When evaluating E.J. Manuel, or Matt Scott, or Colby Cameron, or Duke QB Sean Renfree - make sure you're analyzing his ability to throw the football with strength and accuracy, move around in the pocket with nuanced anticipation, and escape pressure to keep the play alive. At the end of the day, the read-option stuff is pretty ancillary. Mobility will be a likely necessity, but an ability to run the read option is not.
1. Eddie Lacy, Alabama
2. Montee Ball, Wisconsin
3. Andre Ellington, Clemson
4. Giovani Bernard, North Carolina
5. Marcus Lattimore, South Carolina
The running back group hierarchy that Mayock has assembled is actually pretty interesting. Montee Ball hasn't gotten a lot of love in the pre-Combine buildup, nor has Andre Ellington or Marcus Lattimore.
Mayock expounds on his list. "At the running back position I only have one guy in the first round, and that is Eddie Lacy. I just happen to like Montee Ball a lot. When I put the tape on, he's a downhill [runner], tough kid. I think he's got really good feet for a fairly large back. I think he's going to have to do a better job with pass protection. But at 5'11", 215 [pounds], he should be able to do a better job with pass protection. I think he's shown toughness, balance, vision. He's a one-cut, north-south runner and I think he fits most of the offenses in the NFL. I see him as a late two to an early three."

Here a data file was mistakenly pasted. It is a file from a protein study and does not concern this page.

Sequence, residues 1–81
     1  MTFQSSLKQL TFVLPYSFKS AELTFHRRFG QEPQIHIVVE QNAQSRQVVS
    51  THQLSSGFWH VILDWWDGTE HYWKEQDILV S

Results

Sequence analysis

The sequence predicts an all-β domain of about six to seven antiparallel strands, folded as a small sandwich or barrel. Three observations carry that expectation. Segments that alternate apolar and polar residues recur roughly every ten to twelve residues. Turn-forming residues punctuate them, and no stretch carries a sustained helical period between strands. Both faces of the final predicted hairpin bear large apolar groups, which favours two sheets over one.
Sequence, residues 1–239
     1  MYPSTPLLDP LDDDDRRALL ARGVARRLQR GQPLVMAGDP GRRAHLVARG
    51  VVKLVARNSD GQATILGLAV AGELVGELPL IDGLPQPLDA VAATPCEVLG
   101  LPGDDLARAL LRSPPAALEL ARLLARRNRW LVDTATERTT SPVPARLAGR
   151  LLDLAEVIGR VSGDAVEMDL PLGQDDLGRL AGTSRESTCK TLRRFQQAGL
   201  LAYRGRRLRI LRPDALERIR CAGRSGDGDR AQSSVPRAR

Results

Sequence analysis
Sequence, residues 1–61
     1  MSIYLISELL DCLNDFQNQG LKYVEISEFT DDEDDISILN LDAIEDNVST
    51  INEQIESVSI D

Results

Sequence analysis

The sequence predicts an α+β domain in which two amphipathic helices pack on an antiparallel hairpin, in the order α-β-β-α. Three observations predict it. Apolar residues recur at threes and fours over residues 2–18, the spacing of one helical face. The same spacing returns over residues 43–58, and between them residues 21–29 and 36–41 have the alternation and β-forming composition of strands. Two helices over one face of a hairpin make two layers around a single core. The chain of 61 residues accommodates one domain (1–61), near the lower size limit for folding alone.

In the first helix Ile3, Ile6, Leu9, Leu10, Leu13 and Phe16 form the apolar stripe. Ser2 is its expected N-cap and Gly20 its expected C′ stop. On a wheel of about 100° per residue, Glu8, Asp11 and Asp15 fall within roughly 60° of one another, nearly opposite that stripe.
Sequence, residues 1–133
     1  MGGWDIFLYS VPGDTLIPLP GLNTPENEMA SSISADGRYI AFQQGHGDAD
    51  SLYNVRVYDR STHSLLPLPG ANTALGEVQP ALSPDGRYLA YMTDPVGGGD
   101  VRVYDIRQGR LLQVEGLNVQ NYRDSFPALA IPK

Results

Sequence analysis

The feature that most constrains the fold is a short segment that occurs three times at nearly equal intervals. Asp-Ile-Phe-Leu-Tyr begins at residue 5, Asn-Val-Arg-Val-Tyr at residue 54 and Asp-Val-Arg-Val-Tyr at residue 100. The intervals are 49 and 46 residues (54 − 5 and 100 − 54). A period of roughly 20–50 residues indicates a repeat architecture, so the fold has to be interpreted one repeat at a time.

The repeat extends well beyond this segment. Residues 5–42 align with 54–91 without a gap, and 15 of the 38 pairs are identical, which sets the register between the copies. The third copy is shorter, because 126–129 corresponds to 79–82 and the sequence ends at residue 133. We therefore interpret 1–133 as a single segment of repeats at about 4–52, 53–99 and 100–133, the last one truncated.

The thought of Seattle grabbing another running back in this draft is intriguing -- Marshawn Lynch isn't going to be around forever, and I'm not sure that Robert Turbin is a foundational style running back. I see Turbin as an electric and explosive change of pace back with an ability to catch passes out of the backfield, but am still unsure if he's the type that will eventually end up carrying the ball 25+ times a game. That's a huge, huge part of Seattle's identity. A early-mid round running back pick wouldn't shock me.